Do you ever have the experience of imagining yourself through someone else’s eyes, and coming up really, really short?
One of the things I regularly do is watch my mind to see what it is up to. What it is talking about, imagining, or fretting over. Other people typically come up for me whenever I am in the midst of diminishing myself somehow. Recently, I have been saying to myself; “I actually don’t know what is in that person’s mind regarding me, but I sure do know that what I am thinking about right now is in my mind, does not feel good, and is something only I can change.”
I see this as being one of the most critical things we can do for ourselves, one another, and our relationships together. That being, finding ways to get to the truth about our experience ASAP. Otherwise, we see ourselves through the wrong lens while believing that our misery is caused by how someone else feels about us, felt about us, or might feel about us; a kind of fear-based conditioning that we as people live under and use as a way to keep ourselves in line according to someone else’s standards. Very problematic unto itself.
But it goes even further than that. As mammals, we do have the capacity to sense and to know not only how it feels to be around another, but how they are truly feeling about us; beyond words. This is an essential capacity for all of our interactions with others whether they be ones we welcome or dread. This is the part of us that cannot be deceived or misled with words. Kids are really good at this. So are animals. It is only the adult human who struggles to make sense around how they are being received by a member of their own species.
In order to get better at receiving accurate information during an encounter with another person requires that we clean up our own act first. That we get a handle on where we make up things in our minds out of fear or past conditioning. It requires that we start to listen a little more deeply when we are in the presence of others. More like an animal or a kid would; not through words but through the tone and the feel of it all. Not through our thinking minds, but in an overall body listening kind of way. Easy examples are noticing a turn of the gut, a tension that suddenly comes up, hair rising on the back of your neck, or a general feeling of dis-ease when you are around someone.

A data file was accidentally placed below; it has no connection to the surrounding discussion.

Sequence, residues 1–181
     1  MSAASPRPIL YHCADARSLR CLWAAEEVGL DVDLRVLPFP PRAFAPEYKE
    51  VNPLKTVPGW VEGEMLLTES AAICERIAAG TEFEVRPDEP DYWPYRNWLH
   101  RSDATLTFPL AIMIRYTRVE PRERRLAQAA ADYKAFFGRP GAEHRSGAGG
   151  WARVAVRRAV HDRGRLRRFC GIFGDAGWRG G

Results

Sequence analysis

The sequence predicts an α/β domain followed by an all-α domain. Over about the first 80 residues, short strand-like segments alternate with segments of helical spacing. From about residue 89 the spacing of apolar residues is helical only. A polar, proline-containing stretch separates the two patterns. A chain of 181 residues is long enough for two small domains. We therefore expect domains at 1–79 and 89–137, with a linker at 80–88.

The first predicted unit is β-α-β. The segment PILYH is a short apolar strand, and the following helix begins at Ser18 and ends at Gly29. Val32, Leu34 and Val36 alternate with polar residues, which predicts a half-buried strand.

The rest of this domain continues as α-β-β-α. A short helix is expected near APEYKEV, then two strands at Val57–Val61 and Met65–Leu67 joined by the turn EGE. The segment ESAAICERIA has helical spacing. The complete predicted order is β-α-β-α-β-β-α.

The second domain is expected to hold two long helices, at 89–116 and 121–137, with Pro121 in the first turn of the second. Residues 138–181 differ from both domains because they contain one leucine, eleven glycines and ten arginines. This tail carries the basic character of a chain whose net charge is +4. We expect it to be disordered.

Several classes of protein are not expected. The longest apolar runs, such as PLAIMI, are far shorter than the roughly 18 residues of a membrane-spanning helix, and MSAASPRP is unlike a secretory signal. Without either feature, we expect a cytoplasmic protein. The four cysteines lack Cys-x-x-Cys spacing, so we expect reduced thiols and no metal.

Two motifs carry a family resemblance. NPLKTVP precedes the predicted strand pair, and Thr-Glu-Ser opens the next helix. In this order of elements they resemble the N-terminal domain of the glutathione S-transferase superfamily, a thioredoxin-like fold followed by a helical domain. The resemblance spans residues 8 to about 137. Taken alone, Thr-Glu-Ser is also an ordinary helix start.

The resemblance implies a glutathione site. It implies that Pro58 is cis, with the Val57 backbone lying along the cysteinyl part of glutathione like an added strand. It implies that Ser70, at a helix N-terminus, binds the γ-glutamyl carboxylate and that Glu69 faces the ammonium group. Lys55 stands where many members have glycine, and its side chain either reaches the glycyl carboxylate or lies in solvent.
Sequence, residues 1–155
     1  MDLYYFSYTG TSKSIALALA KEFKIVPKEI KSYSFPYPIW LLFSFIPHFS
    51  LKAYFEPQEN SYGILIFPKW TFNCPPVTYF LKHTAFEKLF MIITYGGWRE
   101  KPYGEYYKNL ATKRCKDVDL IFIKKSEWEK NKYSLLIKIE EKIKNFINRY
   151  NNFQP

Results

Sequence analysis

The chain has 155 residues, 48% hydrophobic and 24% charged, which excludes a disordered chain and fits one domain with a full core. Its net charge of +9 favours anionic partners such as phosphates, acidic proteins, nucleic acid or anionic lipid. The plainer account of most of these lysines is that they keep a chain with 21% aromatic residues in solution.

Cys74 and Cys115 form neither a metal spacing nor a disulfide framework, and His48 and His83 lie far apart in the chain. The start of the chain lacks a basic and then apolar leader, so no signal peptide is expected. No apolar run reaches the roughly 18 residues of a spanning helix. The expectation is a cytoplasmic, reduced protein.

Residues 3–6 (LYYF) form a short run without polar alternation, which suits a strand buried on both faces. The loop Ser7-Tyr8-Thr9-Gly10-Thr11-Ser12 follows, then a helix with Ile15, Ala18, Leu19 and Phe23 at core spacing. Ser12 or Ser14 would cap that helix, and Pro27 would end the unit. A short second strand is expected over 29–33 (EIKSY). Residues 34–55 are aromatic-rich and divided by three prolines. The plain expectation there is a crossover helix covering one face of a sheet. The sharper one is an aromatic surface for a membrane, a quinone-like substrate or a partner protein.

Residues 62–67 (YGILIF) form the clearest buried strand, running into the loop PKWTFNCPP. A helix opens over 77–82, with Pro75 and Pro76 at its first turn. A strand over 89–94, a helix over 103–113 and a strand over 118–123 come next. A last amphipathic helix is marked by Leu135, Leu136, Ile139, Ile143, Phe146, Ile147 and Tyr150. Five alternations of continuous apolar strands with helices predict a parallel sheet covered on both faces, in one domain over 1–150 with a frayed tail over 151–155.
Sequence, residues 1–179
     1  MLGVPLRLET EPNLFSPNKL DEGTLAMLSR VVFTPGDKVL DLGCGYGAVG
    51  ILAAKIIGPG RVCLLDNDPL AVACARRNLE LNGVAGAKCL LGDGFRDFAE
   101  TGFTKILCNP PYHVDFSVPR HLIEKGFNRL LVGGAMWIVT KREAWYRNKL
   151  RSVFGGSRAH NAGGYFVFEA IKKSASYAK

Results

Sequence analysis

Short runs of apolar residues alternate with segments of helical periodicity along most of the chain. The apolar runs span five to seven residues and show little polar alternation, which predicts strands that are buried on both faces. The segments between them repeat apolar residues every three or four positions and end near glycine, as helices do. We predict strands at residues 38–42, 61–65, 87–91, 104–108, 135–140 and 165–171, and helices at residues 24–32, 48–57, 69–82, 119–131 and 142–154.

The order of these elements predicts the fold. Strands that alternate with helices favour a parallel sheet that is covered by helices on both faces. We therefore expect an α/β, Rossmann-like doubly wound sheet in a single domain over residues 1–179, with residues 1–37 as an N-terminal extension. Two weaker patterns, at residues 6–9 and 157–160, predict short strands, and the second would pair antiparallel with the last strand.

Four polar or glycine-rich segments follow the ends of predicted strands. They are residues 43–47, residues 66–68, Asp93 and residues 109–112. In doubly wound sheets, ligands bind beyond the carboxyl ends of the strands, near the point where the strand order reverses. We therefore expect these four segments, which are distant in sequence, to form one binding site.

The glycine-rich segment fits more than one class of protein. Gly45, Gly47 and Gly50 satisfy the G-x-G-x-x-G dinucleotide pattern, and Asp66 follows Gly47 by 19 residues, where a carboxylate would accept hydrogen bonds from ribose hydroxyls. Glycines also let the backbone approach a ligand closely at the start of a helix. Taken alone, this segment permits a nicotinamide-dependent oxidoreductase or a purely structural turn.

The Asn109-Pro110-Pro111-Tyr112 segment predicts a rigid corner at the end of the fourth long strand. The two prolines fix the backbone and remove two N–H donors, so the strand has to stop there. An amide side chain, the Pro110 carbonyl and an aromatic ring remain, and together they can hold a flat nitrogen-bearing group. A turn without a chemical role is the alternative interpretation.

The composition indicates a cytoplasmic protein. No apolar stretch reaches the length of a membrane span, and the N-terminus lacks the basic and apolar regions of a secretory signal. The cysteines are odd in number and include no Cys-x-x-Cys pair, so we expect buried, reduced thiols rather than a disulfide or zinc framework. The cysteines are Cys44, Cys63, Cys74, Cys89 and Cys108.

This is not easy to do because most of us have gotten out of the habit of listening and responding to this kind of information. Most of us discount those sensations because we cannot prove them, articulate them necessarily, or because it would be ever so socially awkward and inconvenient to act on that knowing. Many of us have even had this innate capacity actively conditioned out of us when we were young by the adults who found that level of truth too threatening and far too inconvenient.
It puts me in mind of something I once read by Anodea Judith where she spoke of when we are told that we have no right to feel what we are feeling or know what we are knowing, a lie about our basic existence gets created and instilled in us. Really take that in. When you refuse, or feel unable, to live and respond from what you instinctively know, you obliterate the truth of not only what is happening, but who you are.
That is what we are really talking about here. How is it that we will live with the truth of who we are, and what it is that we are experiencing, while being in authentic and satisfying relationship with others? This will always be a moment by moment, in the presence of others, kind of experience that cannot be ultimately figured out except in relationship. And except by giving yourself permission, and by taking chances around how it is that you get to respond.